This condition is only claimed to be necessary, rather than sufficient. And there is a good reason to take it as at least necessary: Why would you want to rely on a certain inferential procedure right now if it is not expected to return you the truth even when it is given an infinite data set?

Many people have contributed ideas to some of those guidelines. For example: 

- philosophers H. Reichenbach and H. Putnam
- formal learning theorists E. M. Gold, and D. Angluin
- computational learning theorists L. Valiant
- statistician R. Fisher, and even Bayesian statisticians P. Diaconis and D. Freedman

I call the above epistemological tradition learning-theoretic epistemology, for it is most recognizable in the many branches of learning theory as studied in theoretical computer science. Despite the fact that many people have contributed to this epistemological tradition, I want to do something that very few have done: articulate the guidelines (i)-(iv) clearly, take all of them seriously, and keep distance from additional theses that are entirely optional but potentially misleading. In particular, I argue that learning-theoretic epistemology is compatible with Bayesianism, neutral between externalism and internalism, and even can be welcome by coherentists despite its reliabilist flavor. By taking all the guidelines (i)-(iv) seriously, I have been able to justify certain kinds of inductive inferences that have long resisted justification---or so I argue in the following manuscripts:

1. Modes of Convergence to the Truth: Steps toward a Better Epistemology of Induction

This paper aims to justify enumerative induction at its full strength---a task that very few formal epistemologists (if any) have attempted before. Slides are available here.

With the same justification strategy as in the preceding paper, this paper aims to justify causal inference without assuming what almost all theorists of causal discovery assume: the famous Causal Faithfulness Condition or the like.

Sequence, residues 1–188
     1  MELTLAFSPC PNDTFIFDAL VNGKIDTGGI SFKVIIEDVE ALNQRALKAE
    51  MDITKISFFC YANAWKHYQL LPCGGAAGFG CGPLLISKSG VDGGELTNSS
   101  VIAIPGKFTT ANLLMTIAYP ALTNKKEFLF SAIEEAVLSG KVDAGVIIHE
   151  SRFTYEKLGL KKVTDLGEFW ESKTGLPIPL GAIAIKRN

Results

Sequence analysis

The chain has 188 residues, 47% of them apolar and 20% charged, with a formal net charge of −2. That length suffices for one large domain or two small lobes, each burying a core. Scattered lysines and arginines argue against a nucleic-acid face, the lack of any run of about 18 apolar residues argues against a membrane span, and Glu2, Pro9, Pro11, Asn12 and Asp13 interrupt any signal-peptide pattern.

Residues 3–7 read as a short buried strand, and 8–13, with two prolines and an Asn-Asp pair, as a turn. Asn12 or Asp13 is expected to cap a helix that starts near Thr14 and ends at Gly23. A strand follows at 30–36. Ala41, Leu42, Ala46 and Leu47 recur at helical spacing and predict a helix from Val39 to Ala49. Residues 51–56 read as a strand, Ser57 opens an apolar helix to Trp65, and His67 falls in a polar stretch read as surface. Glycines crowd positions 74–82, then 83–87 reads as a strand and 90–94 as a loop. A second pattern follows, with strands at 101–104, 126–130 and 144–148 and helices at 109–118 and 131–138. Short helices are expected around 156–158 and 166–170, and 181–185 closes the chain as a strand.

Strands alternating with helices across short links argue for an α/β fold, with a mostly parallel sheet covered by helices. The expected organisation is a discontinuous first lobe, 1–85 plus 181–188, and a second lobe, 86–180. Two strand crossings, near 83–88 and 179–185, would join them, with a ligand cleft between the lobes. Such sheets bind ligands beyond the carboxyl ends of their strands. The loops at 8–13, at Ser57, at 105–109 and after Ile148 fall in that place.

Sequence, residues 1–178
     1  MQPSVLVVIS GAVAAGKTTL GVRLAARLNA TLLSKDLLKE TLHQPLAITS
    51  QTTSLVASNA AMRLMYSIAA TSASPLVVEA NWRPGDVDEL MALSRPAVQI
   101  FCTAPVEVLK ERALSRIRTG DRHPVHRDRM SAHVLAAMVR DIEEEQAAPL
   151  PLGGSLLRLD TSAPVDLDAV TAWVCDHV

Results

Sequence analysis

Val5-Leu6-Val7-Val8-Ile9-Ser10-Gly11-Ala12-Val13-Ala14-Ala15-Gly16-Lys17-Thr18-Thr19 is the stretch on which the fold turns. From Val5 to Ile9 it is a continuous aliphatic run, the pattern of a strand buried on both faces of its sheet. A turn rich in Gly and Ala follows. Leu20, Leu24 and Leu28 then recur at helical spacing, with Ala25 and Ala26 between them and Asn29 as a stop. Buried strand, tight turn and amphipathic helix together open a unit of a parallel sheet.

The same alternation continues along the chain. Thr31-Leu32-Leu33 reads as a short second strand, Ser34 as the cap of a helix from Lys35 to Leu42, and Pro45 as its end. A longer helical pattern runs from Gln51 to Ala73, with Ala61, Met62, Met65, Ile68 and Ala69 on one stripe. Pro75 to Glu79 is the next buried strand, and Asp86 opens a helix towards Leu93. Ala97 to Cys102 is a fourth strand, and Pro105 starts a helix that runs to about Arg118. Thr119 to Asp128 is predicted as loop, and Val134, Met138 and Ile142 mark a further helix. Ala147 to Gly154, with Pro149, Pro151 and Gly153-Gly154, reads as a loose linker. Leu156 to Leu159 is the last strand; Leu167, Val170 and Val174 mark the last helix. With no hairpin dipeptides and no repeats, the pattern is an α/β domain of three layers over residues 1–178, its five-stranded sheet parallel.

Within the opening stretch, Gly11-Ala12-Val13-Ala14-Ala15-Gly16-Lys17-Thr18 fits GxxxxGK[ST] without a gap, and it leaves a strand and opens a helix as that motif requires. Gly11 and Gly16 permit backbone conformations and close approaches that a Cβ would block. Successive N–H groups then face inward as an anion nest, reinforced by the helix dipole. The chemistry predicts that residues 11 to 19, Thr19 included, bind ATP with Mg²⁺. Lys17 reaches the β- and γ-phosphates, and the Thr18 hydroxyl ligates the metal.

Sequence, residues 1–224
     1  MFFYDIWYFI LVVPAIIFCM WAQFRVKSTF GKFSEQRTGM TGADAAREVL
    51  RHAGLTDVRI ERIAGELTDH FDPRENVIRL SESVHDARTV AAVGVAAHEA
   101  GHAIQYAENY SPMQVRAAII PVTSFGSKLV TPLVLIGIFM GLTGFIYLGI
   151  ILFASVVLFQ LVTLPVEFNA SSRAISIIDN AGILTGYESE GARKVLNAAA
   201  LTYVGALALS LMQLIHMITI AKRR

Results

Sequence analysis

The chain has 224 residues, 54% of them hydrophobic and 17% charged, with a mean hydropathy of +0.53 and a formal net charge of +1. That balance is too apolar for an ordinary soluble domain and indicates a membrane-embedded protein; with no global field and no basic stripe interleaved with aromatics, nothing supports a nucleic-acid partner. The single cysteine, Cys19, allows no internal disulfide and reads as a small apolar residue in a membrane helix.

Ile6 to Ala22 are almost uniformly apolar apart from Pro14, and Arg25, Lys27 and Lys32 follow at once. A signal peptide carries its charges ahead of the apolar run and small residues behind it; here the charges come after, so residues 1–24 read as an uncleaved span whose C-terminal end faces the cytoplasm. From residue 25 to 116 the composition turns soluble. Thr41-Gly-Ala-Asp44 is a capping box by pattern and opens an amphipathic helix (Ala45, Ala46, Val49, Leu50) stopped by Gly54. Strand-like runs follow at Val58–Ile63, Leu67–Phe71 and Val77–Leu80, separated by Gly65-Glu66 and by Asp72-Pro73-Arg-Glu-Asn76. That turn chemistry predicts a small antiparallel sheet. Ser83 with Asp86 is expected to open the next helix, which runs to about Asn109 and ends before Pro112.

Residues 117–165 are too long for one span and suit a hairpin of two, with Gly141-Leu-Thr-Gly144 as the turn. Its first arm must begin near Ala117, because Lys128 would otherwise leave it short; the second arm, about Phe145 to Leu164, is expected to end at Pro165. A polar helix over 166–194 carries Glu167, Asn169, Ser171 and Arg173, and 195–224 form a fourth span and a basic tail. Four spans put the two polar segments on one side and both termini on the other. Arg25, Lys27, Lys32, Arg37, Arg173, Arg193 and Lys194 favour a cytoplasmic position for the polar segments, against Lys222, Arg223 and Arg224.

This is a paper in statistics and machine learning theory, providing the theorems that are needed in the preceding, philosophical paper. This is joint work with Jiji Zhang.

For more details, visit the project page

My older work focuses on the cognitive and conative roles of accepting sentences or propositions, especially the roles that it can or should play in inquiry, decision-making, or linguistic understanding--even for a Bayesian agent. That constitutes the bulk of my publications so far.


Lin, H. (forthcoming) “Belief Revision Theory”, in Pettigrew, R. and Weisberg, J. (ed.) The Open Handbook of Formal Epistemology.

Hájek, A. and Lin, H. (2017) “A Tale of Two Epistemologies?”, Res Philosophica, 94(2): 207- 232.

Lin, H. (2017) “Enumerative Induction and Semi-Uniform Convergence to the Truth”, in Baltag, A., Seligman, J. and Yamada, T. (eds.) Logic, Rationality, and Interaction: Proceedings of the 6th International Workshop, LORI 2017, Lecture Notes in Computer Science, Springer, 362-376.

Kevin, K. T., Genin, K. and Lin, H. (2016) “Realism, Rhetoric, and Reliability”, Synthese, 193(4): 1191-1223.

Lin, H. (2016) “Bridging the Logic-Based and Probability-Based Approaches to Artificial Intel- ligence”, in Hung, T.-W. (ed.) Rationality: Constraints and Contexts, Amsterdam: Elsevier.

Lin, H. (2016) “The Meaning of Epistemic Modality and the Absence of Truth”, in Yang, C-M., Deng, D.-M., and Lin, H. (eds.) Structural Analysis of Non-Classical Logics, Berlin: Springer-Verlag.

Lin, H. (2014) "On the Regress Problem of Deciding How to Decide", Synthese 191: 661- 670.